The setting of our story is Los Angeles, 1938. It's a time and place that allows for the marriage of a variety of themes: Hollywood in its Golden Age, mobsters and G-Men, the enigmatic Howard Hughes, and a Nazi plot that involves the Hindenberg dramatically descending upon Southern California. Our hero is Cliff Secord, played by Billy Campbell, an all-American daredevil with a heart of gold. The Rocketeer chronicles Cliff’s escapades after he and his friend “Peevy” Peadbody (Alan Arkin) discover a jet pack. Cliff must also defend his relationship with Jenny Blake (Jennifer Connelly) from wicked movie star Neville Sinclair (Timothy Dalton).
The movie opens with Cliff flying a Gee Bee airplane which he and Peevy have invested a lot of time and money into, in the hopes of racing her for profit. In a scene as dramatic as it is improbable, the plane is shot down by a mobster’s stray bullet, forcing Cliff to crash-land. As Cliff plummets back to earth, a chase between mobsters and F.B.I. agents has occurred on the ground, forcing the crooks to ditch a mysterious, stolen package in Peevy’s garage before they’re caught. The package is soon discovered by Cliff and Peevy, and naturally, it contains an incredible rocket pack – a little “expert” dialogue from Peevy lets us know that it apparently runs on alcohol, and is designed to stay cool “by quickly dissipating the heat of combustion”.
Whatevs, figures Cliff. Now that the plane is busted up, they need a new way to make money, fast, and he decides the best way to make money is to sign up as a “flying man” in a local airshow. Before the young punk can do anything foolish, Peevy slaps together an incredible, Art Deco-style helmet for him. Thus, The Rocketeer is born.
Other than the rocket, the other major force in Cliff's existence is a totally bodacious girlfriend named Jenny, a struggling actress with a heart of gold. Jenny’s character manages to embody all that sexy aesthetic stuff that people love about Bettie Page, while remaining totally wholesome and charming, and ultimately heroic. Rarely are adventure movie babes so totally attractive, but truly, Jenny is the whole package. Even W.C. Fields makes a cameo for the sake of hitting on her, and who can blame him?
While Cliff is busy crashing planes and stuff, Jenny gets her break as an extra in a big Hollywood production starring swashbuckling actor Neville Sinclair (Timothy Dalton, in a parody of 1930s cinema idol Errol Flynn). Everything seems peachy until tragedy strikes: Jenny is banned from the set when Cliff shows up and ruins a shot by accidentally knocking over a castle wall. She's crushed, and dumps Cliff on the spot when he fails to understand what a blow this is for her, but she's quickly called back by Sinclair once he catches on wind of Cliff's rocket pack. To no one's surprise, Neville Sinclair turns out to be a Nazi agent who wants to get his hands on the rocket pack. Herr Sinclair gets busy working the movie star charm on Jenny in his quest to make rocket-propelled Nazi supermen a reality. One of the movie’s most entertaining scenes involves a screening, by famous aviator Howard Hughes, of a top-secret animated film from Germany that features Nazi Rocketeers flying high above a burning Capitol dome.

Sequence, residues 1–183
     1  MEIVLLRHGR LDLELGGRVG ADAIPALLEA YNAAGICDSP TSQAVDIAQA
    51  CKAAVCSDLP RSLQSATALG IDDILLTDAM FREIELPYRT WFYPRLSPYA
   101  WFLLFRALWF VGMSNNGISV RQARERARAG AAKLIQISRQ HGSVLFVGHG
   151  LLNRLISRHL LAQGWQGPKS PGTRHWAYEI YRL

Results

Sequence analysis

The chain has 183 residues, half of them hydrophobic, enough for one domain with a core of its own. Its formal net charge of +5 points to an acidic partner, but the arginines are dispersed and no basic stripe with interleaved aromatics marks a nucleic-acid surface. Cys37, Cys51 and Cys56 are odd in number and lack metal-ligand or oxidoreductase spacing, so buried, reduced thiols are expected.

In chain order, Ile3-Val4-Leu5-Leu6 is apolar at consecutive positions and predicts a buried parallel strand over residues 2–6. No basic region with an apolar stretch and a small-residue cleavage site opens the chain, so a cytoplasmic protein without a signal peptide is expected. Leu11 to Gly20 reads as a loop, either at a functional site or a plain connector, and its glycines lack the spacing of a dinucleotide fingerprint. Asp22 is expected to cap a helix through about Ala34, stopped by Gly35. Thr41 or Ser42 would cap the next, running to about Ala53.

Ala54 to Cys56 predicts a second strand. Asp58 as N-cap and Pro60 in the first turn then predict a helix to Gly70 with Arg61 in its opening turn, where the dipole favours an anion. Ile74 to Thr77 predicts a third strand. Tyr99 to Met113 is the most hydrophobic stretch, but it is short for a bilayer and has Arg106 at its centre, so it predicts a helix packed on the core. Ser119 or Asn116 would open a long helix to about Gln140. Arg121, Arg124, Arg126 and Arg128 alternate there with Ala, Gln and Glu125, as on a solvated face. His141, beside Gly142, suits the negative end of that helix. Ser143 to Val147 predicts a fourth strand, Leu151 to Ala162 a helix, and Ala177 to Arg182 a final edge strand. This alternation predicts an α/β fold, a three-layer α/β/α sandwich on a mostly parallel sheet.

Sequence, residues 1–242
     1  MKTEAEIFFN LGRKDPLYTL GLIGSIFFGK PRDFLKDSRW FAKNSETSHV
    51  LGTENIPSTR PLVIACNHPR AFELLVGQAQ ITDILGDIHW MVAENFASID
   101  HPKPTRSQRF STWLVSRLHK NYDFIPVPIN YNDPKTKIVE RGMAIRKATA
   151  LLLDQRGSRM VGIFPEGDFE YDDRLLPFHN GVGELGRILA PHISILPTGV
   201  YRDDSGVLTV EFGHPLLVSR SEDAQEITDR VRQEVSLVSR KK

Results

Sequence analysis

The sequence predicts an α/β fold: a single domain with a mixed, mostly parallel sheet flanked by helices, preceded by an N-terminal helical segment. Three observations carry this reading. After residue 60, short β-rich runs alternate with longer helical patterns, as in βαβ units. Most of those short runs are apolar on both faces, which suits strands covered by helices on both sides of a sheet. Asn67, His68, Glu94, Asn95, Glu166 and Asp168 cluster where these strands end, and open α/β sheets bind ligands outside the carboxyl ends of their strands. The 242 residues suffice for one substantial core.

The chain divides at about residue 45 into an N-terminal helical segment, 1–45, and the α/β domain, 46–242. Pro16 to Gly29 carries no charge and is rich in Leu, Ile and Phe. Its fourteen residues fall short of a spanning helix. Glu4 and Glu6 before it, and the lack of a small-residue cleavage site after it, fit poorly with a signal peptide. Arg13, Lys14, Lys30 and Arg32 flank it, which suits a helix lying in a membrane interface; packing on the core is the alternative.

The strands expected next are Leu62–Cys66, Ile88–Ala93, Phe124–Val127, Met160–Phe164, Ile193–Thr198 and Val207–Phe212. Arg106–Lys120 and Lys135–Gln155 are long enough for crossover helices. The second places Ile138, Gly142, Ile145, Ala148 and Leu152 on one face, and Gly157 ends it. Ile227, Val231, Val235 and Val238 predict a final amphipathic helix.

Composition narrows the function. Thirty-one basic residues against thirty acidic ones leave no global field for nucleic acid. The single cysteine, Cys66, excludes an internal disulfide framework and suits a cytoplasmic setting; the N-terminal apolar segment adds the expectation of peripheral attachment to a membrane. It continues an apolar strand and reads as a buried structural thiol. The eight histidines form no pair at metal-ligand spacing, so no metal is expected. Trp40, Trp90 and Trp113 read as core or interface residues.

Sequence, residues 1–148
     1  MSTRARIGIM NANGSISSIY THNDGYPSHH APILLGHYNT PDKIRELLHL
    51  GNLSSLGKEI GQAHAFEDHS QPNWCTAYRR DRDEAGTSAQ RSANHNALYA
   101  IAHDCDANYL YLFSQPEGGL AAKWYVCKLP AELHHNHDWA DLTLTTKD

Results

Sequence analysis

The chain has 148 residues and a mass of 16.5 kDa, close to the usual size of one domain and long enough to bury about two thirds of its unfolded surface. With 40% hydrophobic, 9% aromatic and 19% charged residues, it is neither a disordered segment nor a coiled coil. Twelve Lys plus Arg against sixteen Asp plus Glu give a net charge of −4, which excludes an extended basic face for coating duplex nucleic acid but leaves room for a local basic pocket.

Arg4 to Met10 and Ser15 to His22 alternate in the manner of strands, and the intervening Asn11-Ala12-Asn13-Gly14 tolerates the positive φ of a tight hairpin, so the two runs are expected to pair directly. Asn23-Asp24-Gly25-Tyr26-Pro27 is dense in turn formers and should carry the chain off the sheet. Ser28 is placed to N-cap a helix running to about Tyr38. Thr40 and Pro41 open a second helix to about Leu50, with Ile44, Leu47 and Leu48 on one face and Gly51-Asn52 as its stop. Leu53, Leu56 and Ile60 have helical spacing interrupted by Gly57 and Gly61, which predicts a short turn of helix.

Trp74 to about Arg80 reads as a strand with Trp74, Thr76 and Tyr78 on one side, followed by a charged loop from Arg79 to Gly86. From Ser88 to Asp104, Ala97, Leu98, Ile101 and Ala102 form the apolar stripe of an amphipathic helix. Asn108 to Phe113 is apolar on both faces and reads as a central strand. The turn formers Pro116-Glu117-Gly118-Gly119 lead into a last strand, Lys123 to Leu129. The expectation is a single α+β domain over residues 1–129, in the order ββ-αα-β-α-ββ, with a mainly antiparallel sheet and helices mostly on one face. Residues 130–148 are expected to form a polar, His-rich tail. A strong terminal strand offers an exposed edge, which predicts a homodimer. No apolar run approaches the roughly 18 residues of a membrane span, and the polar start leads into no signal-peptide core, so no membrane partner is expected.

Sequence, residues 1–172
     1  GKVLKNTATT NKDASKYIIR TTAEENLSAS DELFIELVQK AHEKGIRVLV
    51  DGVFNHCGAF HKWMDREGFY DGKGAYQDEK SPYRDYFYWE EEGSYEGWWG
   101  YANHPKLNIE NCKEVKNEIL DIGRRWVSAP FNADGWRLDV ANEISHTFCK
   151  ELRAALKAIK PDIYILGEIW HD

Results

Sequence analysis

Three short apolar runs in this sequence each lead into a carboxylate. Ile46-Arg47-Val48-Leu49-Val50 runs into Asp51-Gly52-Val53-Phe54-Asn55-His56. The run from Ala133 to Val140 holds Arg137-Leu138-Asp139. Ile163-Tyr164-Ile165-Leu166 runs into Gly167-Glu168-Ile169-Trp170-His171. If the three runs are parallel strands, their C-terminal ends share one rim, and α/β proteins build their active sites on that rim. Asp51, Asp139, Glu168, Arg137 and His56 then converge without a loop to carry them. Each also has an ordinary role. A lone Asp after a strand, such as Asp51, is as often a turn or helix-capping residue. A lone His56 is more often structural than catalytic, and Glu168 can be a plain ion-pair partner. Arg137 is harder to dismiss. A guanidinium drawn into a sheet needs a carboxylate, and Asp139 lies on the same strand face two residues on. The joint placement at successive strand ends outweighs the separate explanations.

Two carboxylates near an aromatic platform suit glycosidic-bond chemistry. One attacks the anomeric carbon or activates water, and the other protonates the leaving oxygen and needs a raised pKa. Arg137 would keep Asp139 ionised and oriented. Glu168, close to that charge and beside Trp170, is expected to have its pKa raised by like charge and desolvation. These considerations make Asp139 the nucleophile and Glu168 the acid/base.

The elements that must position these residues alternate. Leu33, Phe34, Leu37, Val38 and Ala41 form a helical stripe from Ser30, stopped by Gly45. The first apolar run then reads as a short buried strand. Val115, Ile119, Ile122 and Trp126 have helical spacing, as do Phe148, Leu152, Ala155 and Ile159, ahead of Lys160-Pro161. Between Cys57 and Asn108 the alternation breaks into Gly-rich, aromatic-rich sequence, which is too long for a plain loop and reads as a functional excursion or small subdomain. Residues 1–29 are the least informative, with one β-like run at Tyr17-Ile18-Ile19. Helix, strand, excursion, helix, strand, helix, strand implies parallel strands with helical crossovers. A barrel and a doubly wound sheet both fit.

Leonard Maltin’s definitive book, “The Disney Films,” offers only a single sentence of information on The Rocketeer. His only observation is that “it was handsomely made, but ultimately, a disappointment.” Like Dick Tracy before it, there aren’t any children in the film, and the story itself isn’t very childlike, or even very Disney-like. Unlike Dick Tracy, it's actually a good movie, and I would watch it again. Nay-sayers like Leonard Maltin aside: The Rocketeer is a great action-adventure movie, and I love it. The story, the acting, and the execution puts it in a class with other wildly ambitious films like Back To The Future, Who Framed Roger Rabbit?, and Peter Jackson’s King Kong - even if it was a commercial disappointment at the time of its release. If I must make criticism here, I will say that there is an excess of story and characters, and that makes it hard to summarize without revealing any of the movie’s surprises.
The DVD transfer for this film is fine, but as usual, there's no special features, except for a squashed-looking theatrical trailer that wasn't properly re-sized for television. Also, the trailer sucks so badly that it's no wonder this movie bombed in the theaters.